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Discussion Starter · #1 ·
<p>Hi All :)  I am looking for info. on what you learn at a  DONA birth doula workshop -- I can't find  a list at their site --</p>
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<p>I have been to 30 births now, (3 with my own clients, the first 27 as an apprentice doula) and I need to get my certification. I really am vibing with "Childbirth Intl" because they seem to cover such an extensive, wholistic range of subjects associated with being a  doula, like communication styles, perception as key to understanding others, and grief/loss. The emotional, deep aspects of support.  I really vibe with the way they hook you up with a mentor too and it seems like the course calls for a lot of reflection and so on. The only drawback for me is they aren't very popular, --</p>
<p>I feel like with DONA I'd be more respected re clients wanting to hire me. Most of the doulas in my area are certified thru DONA.</p>
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<p>So I guess, can anyone here share with me what you like best about being in DONA and also, what they teach at the workshop and do they cover the topics I mentioned above? And what did you find most helpful and great about the workshops, especially if you had already been to alot of births so didn't necessarily need role-playing anymore? I feel like if I'd never been to any births I'd  want to go DONA b/c I'd be unfamiliar with birth, but I'm not.  I do like the name recognition and also the fact they send out newsletters if you are a  member.</p>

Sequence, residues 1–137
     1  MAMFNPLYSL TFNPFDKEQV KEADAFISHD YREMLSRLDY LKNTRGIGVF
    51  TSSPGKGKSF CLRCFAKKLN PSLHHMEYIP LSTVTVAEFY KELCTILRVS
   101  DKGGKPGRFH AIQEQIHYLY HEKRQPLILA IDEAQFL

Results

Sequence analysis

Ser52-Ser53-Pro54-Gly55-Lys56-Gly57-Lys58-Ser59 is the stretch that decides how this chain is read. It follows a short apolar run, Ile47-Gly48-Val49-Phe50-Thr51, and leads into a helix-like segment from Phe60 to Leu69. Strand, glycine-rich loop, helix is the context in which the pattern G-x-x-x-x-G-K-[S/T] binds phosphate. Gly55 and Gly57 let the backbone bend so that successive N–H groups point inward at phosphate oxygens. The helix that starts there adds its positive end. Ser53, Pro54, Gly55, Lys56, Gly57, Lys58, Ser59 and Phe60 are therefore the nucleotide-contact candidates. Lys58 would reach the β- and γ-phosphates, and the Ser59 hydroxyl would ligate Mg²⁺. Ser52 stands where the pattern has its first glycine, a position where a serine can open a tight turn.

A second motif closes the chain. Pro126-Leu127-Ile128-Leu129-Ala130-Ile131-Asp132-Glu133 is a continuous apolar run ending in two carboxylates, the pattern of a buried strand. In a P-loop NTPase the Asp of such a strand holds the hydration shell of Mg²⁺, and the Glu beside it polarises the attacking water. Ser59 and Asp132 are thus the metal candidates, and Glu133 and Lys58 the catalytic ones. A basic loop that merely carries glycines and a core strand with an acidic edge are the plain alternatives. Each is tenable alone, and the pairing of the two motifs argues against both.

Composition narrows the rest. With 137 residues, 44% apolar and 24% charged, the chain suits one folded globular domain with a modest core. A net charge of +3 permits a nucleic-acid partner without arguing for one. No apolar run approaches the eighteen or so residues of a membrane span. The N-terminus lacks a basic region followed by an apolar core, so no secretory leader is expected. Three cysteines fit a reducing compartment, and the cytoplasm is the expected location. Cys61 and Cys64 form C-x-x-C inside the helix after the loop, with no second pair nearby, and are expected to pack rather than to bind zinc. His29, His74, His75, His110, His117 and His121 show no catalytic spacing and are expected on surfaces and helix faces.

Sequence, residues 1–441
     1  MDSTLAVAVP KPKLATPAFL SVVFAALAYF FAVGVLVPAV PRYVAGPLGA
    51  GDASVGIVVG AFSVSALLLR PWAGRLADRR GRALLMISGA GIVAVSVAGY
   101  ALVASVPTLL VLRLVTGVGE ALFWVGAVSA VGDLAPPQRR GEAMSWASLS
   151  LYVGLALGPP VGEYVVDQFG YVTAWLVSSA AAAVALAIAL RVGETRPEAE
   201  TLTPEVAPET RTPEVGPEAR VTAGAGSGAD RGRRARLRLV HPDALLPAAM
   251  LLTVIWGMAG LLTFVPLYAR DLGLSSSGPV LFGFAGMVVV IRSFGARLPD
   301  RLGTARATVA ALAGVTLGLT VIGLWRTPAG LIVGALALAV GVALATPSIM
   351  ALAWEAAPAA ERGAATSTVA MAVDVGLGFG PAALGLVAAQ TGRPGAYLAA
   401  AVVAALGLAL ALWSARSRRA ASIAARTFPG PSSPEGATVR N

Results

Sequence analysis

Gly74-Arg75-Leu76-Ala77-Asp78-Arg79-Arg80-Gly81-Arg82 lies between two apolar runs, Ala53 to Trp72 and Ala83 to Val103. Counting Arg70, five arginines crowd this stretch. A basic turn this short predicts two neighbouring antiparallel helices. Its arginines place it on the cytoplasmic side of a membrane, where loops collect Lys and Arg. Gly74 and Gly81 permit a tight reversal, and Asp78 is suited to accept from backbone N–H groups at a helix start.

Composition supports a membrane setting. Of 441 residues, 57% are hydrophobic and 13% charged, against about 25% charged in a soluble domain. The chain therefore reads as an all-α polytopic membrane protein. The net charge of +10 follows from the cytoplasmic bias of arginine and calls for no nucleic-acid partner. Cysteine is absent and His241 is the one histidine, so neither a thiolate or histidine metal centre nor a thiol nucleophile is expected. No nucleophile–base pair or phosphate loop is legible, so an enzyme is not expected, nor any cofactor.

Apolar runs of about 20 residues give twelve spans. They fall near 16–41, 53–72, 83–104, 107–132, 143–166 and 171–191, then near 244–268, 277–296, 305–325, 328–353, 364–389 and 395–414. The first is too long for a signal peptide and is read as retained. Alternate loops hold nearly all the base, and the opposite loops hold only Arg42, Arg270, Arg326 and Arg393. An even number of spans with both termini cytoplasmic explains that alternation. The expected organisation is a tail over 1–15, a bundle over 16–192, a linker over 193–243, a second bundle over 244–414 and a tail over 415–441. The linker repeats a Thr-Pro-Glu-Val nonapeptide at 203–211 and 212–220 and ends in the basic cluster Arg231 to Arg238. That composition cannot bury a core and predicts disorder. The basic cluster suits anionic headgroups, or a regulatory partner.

<p>Thanks :)</p>
 

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<p>I think a lot of it depends on who your trainer is. Before you take a training, I highly recommend getting references from a trainer, calling them and asking what they feel like they learned.</p>
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<p>The DONA training that I attended was very basic. It was only two days. She spend about half the day on DONA's Code of Ethics and Standards of Practice and a couple of hours of the business side of being a doula.</p>
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<p>The trainer talked about her personal experiences being a doula and about clients that she's worked with.</p>
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<p>We also watched a couple of Penny Simkin's videos.</p>
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<p>They didn't do any role-playing or hands-on practice at our workshop.</p>
 

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Discussion Starter · #3 ·
<p>Thank you for this info--good idea re calling the trainer first. By the way I love your tattoo!!!</p>